The Strange Saga of Bishop Sycamore and How they Wool-Pulled ESPN into Showing their Football Game

The Strange Saga of Bishop Sycamore and How they Wool-Pulled ESPN into Showing their Football Game


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Last Sunday, ESPN broadcasted a high School football match between No.2 ranked team IMG Academy and Bishop Sycamore. The game was set to feature a host of major college prospects on both sides of the field, however, as the scoreboard ticker dramatically further in favour to IMG Academy, people started asking questions. A conspiracy of epic proportions has since been revealed, leaving ESPN a victim of one of the all-time great wool-pulls.

To properly understand the whole situation, we need to start from the beginning, 2018. Roy Johnson, who would later become the head coach of the infamous team, opens his first online high school, the Christian’s of Faith Academy. While they planned to play in the top division of Ohio High School Football, Johnson’s licence was soon revoked, as state officials were unable to determine if classes were actually happening or not.

A year later, Andre Peterson founded an online school called Youthbuild Centurions, with a football team as its leading public image. Their league consisted of only one other team from their state, but they managed to finish the season 5-6, despite a few controversial incidents including a forced cancellation after players from the Centurions were found to be over 18.

Bishop Sycamore verification process
Bishop Sycamore verification process


In 2020, the team rebranded as Bishop Sycamore and finishes the season with no wins from 6 matches. The 2021 saw them pick up where they left off, with two losses to open their account, despite the added addition of a school website which has since been shut down. The website featured no academic resources but did contain numerous blog posts of of football workouts, and tips on how to create highlight reels for college. Perhaps the players would have made more use of it if the coach didn’t “try to encourage athletes and our coaching staff to stay off the internet.” I wonder how the ‘teachers’ in this online ‘school’ felt about that recommendation.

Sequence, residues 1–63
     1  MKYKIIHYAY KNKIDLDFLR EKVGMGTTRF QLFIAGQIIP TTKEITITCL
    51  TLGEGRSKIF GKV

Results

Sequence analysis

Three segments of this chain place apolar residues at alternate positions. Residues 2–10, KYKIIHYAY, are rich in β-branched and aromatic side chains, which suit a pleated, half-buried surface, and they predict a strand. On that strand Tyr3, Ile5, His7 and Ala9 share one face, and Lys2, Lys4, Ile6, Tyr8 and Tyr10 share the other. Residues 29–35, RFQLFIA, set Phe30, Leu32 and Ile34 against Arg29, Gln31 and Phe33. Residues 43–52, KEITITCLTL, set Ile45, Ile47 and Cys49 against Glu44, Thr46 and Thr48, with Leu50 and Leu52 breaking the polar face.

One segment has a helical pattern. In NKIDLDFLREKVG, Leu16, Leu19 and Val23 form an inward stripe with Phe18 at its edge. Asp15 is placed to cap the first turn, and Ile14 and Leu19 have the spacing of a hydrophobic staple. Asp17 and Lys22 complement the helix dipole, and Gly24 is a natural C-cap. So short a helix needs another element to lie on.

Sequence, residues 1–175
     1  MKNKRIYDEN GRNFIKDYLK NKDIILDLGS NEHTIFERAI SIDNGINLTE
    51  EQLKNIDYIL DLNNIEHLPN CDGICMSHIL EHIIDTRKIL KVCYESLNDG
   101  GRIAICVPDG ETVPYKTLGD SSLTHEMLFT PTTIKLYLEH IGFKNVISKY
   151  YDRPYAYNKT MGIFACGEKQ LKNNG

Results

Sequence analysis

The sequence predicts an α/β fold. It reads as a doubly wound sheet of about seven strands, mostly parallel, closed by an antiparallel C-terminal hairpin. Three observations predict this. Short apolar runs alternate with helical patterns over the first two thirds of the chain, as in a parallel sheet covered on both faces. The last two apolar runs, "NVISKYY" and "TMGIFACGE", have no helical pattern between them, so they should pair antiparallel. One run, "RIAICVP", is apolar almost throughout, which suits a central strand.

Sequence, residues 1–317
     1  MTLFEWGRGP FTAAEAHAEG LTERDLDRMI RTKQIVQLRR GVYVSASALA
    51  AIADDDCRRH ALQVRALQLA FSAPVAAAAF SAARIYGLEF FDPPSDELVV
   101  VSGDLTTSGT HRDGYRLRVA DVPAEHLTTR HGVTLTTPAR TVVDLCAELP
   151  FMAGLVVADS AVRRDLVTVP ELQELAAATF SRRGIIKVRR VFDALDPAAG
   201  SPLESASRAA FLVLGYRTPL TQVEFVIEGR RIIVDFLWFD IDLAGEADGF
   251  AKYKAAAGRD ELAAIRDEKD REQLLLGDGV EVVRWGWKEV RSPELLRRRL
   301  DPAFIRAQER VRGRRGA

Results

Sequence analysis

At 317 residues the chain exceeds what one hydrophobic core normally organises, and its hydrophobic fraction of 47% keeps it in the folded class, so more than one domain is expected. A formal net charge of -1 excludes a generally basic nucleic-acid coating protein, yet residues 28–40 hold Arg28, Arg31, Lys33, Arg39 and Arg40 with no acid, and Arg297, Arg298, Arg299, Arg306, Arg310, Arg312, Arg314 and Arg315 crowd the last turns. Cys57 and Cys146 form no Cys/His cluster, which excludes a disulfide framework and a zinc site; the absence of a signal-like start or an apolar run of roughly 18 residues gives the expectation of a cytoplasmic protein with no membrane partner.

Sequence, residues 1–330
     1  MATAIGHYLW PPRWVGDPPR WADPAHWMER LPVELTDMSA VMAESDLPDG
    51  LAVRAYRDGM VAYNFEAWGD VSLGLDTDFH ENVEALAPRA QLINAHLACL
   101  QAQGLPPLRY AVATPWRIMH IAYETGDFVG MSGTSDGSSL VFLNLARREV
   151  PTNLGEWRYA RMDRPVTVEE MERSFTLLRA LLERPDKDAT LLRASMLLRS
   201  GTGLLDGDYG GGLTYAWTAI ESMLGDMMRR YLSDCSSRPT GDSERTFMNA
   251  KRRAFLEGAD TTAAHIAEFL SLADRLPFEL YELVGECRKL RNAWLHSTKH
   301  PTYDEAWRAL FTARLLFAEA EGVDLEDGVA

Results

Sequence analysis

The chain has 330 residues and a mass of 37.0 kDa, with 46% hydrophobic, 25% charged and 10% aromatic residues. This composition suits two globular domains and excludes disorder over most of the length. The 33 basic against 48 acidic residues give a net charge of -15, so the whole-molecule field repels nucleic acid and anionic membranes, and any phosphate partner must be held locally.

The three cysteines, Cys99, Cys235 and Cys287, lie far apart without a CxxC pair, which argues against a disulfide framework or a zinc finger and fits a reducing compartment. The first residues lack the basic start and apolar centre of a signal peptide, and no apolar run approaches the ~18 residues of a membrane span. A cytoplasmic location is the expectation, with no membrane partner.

Despite all this, the team managed to con their way into a live broadcast on ESPN, thanks to a lack of research from Paragon Marketing Group, who were told that Sycamore had a number of Division 1 players on their team. During a 58-0 thrashing, commentators noted that they were unable to verify the claims made by Sycamore, with none of their players showing up in any recruitment databases.

It was later revealed that this was their second game in three days, and as more research was done into the mysterious school, only more questions arose. The school was found two have two listed addresses, a house in a residential area, and a library at Franklin University in Columbus. Coach Roy Johnson (of Christians of Faith fame) has since been fired, and his role will assumably be taken by founder and director of Bishop Sycamore, Andre Johnson, who was already the offensive and defensive line coach.


It is also being reported that the team is being investigated by police for writing invalid cheques to the Canton Hotel, where they stayed for the infamous game. Ohio Governor Mike DeWine has asked for an investigation into how the school was founded, and if it is being properly run. Andre Peterson has defended his actions, saying “There’s nothing that I’ve gotten out of this that would constitute it as a scam because I’m not gaining anything financially from what we’re doing.”

Most schools have now backed out of their upcoming fixtures, and the Bishop Sycamore website is “closed for maintenance. A gofundme was created for the school, which finished raising $140 out of its $20,000 goal. It would appear that the dream is over for the entrepreneurial duo of Andre Peterson and Roy Johnson, however if history is anything to go by, I doubt this is the last we’ll see of them.


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